Archives  | NCRonline.org 

Send This Page to a Friend

 Writer's Desk 

September 12, 2005
Vol. 3, No. 20



Dennis Coday Too much focus on rubrics causes worry

By Dennis Coday, NCR staff writer

Would you like to donate to NCR?
Your support keeps
this Web site running.

The other night, I went to a parish meeting called to instruct eucharistic ministers in new liturgical guidelines. I found it worrisome.

The meeting was called to update the eucharistic ministers on changes needed to comply with the General Instruction of the Roman Missal. "The GIRM" -- pronounced like "germ" by those in the know -- took effect in November 2003, and the parish had made some changes before that, but the parish was not in complete conformity with those revised instructions, and apparently it needed to curb some of the "liturgical abuses" identified in the instruction, Redemptionis Sacramentum ("The Sacrament of Redemption"), which was issued April 23 by the Vatican Congregation for Divine Worship and the Sacraments.

For instance, the people at the meeting aren't called eucharistic ministers anymore. They are now, officially, extraordinary ministers of Holy Communion. "Communion" must be used because only the priest can properly be called a "minister of the Eucharist." It's an ordination thing.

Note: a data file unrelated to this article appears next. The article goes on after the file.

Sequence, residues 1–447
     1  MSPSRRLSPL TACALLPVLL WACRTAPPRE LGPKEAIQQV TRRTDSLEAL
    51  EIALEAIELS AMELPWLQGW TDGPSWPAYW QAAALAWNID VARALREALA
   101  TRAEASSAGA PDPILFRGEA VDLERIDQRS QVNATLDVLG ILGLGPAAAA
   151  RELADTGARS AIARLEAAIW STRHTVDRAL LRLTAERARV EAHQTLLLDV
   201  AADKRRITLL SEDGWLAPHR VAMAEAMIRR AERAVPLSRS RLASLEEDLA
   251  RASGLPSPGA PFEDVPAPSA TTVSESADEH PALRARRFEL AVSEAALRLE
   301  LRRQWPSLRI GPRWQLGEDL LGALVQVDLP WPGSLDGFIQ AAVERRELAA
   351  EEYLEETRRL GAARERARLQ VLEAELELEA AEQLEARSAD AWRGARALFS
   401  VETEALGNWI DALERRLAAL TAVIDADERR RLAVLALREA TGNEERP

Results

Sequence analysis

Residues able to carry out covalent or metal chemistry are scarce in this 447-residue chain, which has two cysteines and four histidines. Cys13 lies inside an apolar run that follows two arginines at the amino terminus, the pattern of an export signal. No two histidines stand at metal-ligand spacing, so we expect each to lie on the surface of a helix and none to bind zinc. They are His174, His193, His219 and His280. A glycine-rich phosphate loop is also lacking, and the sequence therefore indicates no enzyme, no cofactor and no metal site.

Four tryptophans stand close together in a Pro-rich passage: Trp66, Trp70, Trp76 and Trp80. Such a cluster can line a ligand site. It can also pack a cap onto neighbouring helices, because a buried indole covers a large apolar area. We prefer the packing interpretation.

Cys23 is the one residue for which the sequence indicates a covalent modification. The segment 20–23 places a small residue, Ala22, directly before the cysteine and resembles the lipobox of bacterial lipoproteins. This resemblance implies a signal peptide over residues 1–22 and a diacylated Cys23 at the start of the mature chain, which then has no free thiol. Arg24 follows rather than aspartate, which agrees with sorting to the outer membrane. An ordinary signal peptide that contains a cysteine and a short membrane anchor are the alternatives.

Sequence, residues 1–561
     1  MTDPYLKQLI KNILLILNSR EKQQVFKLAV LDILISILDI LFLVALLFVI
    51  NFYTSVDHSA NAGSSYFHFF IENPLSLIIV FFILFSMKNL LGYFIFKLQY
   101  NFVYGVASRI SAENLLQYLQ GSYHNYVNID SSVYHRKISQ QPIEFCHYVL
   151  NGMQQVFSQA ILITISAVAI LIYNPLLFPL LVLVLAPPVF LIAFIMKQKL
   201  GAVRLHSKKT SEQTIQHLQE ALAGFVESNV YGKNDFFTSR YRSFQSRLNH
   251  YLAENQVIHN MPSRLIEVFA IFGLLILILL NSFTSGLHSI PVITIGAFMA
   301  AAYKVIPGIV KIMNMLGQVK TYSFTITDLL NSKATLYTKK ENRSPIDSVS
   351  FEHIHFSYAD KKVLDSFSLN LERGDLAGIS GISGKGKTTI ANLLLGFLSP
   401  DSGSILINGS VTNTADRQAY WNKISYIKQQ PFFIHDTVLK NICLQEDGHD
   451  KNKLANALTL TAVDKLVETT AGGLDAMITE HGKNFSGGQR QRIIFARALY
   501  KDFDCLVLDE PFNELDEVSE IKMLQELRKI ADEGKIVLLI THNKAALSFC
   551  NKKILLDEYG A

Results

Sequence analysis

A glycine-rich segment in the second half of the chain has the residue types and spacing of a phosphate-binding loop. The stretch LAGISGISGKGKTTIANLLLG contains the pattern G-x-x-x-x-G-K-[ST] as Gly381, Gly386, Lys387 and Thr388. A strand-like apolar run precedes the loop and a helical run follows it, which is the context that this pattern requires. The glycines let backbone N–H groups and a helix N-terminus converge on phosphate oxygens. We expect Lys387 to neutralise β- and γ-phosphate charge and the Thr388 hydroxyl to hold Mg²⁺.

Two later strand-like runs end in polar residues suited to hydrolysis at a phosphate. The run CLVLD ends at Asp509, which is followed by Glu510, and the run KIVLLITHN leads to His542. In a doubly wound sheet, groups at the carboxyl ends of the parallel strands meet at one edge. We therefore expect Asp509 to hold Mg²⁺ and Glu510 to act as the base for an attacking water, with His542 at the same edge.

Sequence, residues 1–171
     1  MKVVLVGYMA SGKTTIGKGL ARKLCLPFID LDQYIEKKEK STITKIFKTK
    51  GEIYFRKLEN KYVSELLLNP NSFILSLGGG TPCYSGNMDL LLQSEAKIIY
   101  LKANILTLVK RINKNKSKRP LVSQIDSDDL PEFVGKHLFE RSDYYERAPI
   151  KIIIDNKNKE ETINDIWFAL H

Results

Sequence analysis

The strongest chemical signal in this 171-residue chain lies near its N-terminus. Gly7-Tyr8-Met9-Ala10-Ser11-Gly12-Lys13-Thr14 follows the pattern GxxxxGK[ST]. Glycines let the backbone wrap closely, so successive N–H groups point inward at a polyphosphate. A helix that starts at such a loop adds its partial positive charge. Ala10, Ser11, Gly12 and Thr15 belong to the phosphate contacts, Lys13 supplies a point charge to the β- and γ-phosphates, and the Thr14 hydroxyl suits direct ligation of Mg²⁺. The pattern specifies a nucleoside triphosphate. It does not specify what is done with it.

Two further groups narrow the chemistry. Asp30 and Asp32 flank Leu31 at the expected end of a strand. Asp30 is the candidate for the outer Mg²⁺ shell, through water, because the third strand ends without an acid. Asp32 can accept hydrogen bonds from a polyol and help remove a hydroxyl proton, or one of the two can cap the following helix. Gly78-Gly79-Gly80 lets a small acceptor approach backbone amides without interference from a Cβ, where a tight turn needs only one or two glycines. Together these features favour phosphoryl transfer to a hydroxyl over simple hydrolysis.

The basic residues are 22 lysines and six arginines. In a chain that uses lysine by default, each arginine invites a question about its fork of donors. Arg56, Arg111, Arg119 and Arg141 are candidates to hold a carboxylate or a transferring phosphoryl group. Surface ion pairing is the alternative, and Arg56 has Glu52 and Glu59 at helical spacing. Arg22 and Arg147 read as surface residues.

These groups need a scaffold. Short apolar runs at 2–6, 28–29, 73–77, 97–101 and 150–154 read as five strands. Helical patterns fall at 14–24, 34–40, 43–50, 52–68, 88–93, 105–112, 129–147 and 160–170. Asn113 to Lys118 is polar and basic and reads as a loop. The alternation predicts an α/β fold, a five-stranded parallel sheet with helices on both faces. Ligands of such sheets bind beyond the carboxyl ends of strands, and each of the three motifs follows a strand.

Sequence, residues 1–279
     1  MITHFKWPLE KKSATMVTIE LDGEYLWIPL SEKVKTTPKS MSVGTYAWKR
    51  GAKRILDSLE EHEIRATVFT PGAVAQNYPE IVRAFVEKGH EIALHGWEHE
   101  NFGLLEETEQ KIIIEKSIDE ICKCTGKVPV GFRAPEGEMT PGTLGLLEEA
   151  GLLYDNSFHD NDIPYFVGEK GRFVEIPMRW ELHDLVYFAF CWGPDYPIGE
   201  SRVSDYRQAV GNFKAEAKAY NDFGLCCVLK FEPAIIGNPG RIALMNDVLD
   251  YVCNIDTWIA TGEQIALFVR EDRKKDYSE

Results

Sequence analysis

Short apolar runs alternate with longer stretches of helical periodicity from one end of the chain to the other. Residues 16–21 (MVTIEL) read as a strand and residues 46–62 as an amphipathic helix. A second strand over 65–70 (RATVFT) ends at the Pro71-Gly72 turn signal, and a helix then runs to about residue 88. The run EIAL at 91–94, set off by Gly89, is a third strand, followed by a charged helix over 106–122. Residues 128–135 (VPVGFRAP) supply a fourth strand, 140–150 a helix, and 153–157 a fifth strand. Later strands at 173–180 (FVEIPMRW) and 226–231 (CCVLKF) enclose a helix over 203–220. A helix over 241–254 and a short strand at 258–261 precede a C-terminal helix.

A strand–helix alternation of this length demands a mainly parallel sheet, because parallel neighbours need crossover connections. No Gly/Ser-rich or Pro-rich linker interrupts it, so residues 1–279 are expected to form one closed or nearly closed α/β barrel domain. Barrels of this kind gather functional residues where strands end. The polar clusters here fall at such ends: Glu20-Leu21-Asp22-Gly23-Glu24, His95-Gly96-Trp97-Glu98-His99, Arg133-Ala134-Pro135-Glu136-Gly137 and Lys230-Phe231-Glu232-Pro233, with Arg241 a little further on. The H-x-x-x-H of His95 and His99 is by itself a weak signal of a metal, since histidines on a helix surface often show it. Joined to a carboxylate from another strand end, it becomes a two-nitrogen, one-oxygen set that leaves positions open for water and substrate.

On one level, the changes were minor.

  • Glass or ceramic vessels can't be used any more. Precious metals only, please.
  • Communion cups on the altar are filled before consecration. To decrease the risk of spilling the precious blood.
  • The proper technique for folding the corporal (the white cloth under the communion vessels). So that the precious crumbs can be disposed of properly.

The biggest change concerned the appropriate time that communion ministers can enter the sanctuary. They can't enter the sanctuary until after the priest gives himself communion. Previously the 11 ministers would come forward during the sign of peace and form a semicircle behind the altar.

The big question then became: Where should they stand so communion can proceed smoothly and quickly. Several options were examined and then the decision made. Ministers would come forward near the end of the sign of peace, collect the ciboria for distribution of the bread and extra hosts from the tabernacle if necessary, and form three lines in the alcove where the tabernacle resides. They wait there until after the priest serves himself and then they move into the sanctuary.

This change was accepted -- if not universally popular. "It looks like the defensive team waiting on the sidelines during a fourth down," one man said.

"How is that more respectful than standing around the altar?" one woman asked.

The meeting quickly turned to talk of very practical issues: reminders to check -- and follow -- the schedule, pleas to update phone numbers, suggestions about how to move communion lines more quickly, etc.

Near the end of the meeting, people began talking about the changes that had taken place over the last two years: the bow before receiving communion, the cost of replacing the crystal communion set.